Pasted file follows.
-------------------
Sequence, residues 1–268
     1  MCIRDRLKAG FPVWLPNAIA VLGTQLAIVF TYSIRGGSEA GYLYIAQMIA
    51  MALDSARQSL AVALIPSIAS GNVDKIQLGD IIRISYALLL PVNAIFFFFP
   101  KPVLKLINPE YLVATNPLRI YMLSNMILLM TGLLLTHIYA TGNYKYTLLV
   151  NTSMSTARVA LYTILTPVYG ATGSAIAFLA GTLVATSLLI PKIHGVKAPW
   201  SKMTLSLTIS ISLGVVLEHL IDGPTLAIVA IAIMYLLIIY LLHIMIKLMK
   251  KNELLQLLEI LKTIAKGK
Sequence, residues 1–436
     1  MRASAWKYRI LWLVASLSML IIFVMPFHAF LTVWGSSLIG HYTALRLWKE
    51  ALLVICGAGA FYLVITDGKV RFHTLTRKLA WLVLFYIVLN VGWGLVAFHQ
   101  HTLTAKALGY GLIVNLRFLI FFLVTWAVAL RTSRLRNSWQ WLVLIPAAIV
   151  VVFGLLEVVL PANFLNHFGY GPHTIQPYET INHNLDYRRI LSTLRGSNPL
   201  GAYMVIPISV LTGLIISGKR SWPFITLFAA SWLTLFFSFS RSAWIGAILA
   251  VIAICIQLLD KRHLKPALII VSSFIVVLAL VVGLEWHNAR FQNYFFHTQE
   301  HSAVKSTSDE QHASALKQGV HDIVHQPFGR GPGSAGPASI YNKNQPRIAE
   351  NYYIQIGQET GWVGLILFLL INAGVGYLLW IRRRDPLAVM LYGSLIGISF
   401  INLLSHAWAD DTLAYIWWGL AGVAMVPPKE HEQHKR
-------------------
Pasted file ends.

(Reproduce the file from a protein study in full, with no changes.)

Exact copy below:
Sequence, residues 1–268
     1  MCIRDRLKAG FPVWLPNAIA VLGTQLAIVF TYSIRGGSEA GYLYIAQMIA
    51  MALDSARQSL AVALIPSIAS GNVDKIQLGD IIRISYALLL PVNAIFFFFP
   101  KPVLKLINPE YLVATNPLRI YMLSNMILLM TGLLLTHIYA TGNYKYTLLV
   151  NTSMSTARVA LYTILTPVYG ATGSAIAFLA GTLVATSLLI PKIHGVKAPW
   201  SKMTLSLTIS ISLGVVLEHL IDGPTLAIVA IAIMYLLIIY LLHIMIKLMK
   251  KNELLQLLEI LKTIAKGK
Sequence, residues 1–436
     1  MRASAWKYRI LWLVASLSML IIFVMPFHAF LTVWGSSLIG HYTALRLWKE
    51  ALLVICGAGA FYLVITDGKV RFHTLTRKLA WLVLFYIVLN VGWGLVAFHQ
   101  HTLTAKALGY GLIVNLRFLI FFLVTWAVAL RTSRLRNSWQ WLVLIPAAIV
   151  VVFGLLEVVL PANFLNHFGY GPHTIQPYET INHNLDYRRI LSTLRGSNPL
   201  GAYMVIPISV LTGLIISGKR SWPFITLFAA SWLTLFFSFS RSAWIGAILA
   251  VIAICIQLLD KRHLKPALII VSSFIVVLAL VVGLEWHNAR FQNYFFHTQE
   301  HSAVKSTSDE QHASALKQGV HDIVHQPFGR GPGSAGPASI YNKNQPRIAE
   351  NYYIQIGQET GWVGLILFLL INAGVGYLLW IRRRDPLAVM LYGSLIGISF
   401  INLLSHAWAD DTLAYIWWGL AGVAMVPPKE HEQHKR